El Tajin is a pre-Columbian archaeological site, that was at its height between 800 and 1200.
It is the best preserved and most thoroughly excavated pre-Hispanic town of its period (after Teotihuacan fell into decline).
El Tajin was the capital of the Totonac state. The site's most famous building is the Pyramid of the Niches, which shows the astronomical and symbolic significance of its buildings.
Map of El TajinLoad map
The reopening of El Tajin in mid-February prompted me to rearrange the final days of my 2022 Mexico / Central America trip. Instead of flying home from Cancun, I returned to Mexico City and took a 3.5h bus for an overnight stay in Poza Rica. From Poza Rica, a taxi took me to El Tajin: it is only 18 kilometers and it takes half an hour. I paid 200 pesos on the way up there, and 180 on the way back. Beforehand I did some desk research on buses/collectivos as well: they apparently leave from terminal El Parador, just south of the city center.
Only 500 visitors per day are now allowed (they’ve extended the numbers and opening hours a bit since Shandos visited), but that doesn't stop the souvenir sellers from unpacking all their stalls. They might as well be with 100 people as well.
I got there a little after the opening hour of 10 a.m., and there were already about 50 other visitors. Of the three parts the site consists of, Tajin Chico and the Group of Columns are not accessible at the moment. The small museum is also closed. The Tajin Complex, which can be visited, is the most monumental though.
With the exception of a few "normal" pyramids at the beginning of the site, the buildings with the niches that are so typical of El Tajin stand out. The niches are made of stacked flagstones. Why they were added to the designs is a bit of a mystery, they probably weren't filled with statues or anything. They may depict caves and the entrance to the underworld.
The inhabitants of El Tajin loved the Mesoamerican ball game. Or maybe they once organized the Precolumbian Olympic Games? No less than 20 courts have been excavated here, in a city that had a population of about 15,000-20,000. At the corner of one of these fields is a frieze showing a ball game player about to be beheaded (photo).
Some of the ruins still have remnants of their original red color. There is also one with light blue paint residue.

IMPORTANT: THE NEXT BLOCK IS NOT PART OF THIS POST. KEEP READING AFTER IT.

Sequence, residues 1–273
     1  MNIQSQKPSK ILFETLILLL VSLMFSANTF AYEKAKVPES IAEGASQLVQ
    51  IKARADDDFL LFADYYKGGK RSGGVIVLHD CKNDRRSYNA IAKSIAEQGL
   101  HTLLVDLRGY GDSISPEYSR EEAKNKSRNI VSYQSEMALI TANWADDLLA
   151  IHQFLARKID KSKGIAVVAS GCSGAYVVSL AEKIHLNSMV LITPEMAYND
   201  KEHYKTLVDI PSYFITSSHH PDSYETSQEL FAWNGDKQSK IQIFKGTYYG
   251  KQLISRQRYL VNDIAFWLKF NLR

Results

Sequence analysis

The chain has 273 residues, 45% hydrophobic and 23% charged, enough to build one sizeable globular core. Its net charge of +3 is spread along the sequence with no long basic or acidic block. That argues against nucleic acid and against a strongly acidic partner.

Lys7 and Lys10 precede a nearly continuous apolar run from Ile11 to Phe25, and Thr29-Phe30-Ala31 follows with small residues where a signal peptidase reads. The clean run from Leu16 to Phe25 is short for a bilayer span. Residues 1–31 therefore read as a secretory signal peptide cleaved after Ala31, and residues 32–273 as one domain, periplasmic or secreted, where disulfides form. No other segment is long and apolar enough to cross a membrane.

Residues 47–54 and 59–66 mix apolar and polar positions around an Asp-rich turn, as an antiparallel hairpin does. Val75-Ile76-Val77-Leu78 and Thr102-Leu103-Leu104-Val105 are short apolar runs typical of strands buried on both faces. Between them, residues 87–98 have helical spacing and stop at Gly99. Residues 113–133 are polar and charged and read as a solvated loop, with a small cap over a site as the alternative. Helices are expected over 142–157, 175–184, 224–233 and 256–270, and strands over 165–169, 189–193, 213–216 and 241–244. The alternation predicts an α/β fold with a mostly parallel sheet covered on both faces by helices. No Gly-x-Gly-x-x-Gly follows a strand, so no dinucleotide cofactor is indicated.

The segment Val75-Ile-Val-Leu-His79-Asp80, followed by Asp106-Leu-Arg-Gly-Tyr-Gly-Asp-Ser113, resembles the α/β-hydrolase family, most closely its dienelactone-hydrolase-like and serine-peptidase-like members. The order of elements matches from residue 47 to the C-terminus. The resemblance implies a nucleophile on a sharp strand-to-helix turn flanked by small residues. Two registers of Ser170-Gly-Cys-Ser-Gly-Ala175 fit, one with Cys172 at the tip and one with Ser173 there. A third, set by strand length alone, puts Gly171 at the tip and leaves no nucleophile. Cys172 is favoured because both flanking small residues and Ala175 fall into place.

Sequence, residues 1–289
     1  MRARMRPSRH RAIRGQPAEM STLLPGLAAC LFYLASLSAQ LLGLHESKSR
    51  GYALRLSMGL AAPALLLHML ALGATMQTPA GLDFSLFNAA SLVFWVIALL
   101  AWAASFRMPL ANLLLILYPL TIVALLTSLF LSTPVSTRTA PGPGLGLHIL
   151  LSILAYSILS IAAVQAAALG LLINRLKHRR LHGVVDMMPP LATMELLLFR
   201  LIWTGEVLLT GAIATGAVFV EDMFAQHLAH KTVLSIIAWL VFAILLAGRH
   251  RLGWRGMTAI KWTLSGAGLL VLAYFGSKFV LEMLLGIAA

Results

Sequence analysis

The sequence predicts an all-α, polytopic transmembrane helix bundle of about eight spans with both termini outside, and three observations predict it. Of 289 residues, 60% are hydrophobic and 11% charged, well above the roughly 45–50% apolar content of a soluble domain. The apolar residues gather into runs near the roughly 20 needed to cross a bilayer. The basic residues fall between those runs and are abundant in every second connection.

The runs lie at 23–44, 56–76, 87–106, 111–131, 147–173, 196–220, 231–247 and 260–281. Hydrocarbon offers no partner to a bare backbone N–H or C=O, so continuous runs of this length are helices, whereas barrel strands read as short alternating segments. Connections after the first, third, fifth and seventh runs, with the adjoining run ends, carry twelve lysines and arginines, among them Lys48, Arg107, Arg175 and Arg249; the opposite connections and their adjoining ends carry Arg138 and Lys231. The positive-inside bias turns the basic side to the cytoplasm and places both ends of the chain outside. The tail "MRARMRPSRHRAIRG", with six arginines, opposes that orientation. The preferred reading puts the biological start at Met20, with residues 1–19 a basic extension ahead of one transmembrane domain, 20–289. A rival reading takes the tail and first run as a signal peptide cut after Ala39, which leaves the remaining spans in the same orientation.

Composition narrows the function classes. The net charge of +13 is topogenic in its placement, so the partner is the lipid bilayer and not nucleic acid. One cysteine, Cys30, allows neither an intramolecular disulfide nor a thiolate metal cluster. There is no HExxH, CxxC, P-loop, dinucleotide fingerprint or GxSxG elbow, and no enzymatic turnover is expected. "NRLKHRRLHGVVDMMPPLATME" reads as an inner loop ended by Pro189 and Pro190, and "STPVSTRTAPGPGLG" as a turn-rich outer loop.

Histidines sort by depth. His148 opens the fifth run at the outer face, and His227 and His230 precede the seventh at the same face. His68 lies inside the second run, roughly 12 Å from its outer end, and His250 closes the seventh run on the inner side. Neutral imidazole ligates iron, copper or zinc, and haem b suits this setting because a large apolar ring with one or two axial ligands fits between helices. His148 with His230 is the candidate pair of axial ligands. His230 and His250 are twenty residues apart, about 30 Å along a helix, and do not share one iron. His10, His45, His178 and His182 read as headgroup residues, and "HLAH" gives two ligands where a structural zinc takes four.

When you walk here, it really feels like a city: it is densely built up and there are streets connecting those ball game courts. The archeological remains comprise the administrative and ceremonial center of the city; the common people lived on the surrounding hills. The two most beautiful buildings stand side by side at the far end of the site – the stately Building #5 and the Pyramid of the Niches. The latter has no less than 365 niches. It looks a bit unstable as if a major hurricane would topple it. But that slight imperfection makes it all the more interesting in my opinion.
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After a long closure due to Covid and a hurricane, reports came in early February 2022, while we were still in central Mexico, that El Tajin had re-opened. Not that you could tell from the government website, which still said it was temporarily closed. But reviews on Google Maps clearly showed recent visitors, as well as providing the information that the site was only open Monday to Friday, 10am to 4pm, with a maximum of 300 visitors per day.
When arriving at the site, the impact of the hurricane couldn't be seen, although whether due to the hurricane or Covid, the area of the site that you could visit was smaller than for previous visitors. After working out only one person per group could line up at the ticket office, we then followed a set circuit route around the site, ropes and signs restricting access. (Even the Unesco plaque was outside the roped path...)
After visiting numerous pre-Hispanic cities in central Mexico, the lush green grass and forested surrounds of El Tajin made for a picturesque change. The two highlights of our visit were the Pyramid of the Niches and the panels on the side of the Juego de Pelota Sur depicting an imminent beheading. However, access to Tajin Chico was completely restricted (maybe there was hurricane damage up there?) and in only an hour we wrapped up our visit.
To access El Tajin, we made a three day trip from Mexico City via public transport. It's probably possible in two depending on bus timetables (at least if you stay in Poza Rica), definitely if you have a private car. After initially planning to stay in the city of Poza Rica, we switched to staying in the smaller town of Papantla, closer to the site and more atmospheric according to previous visitors.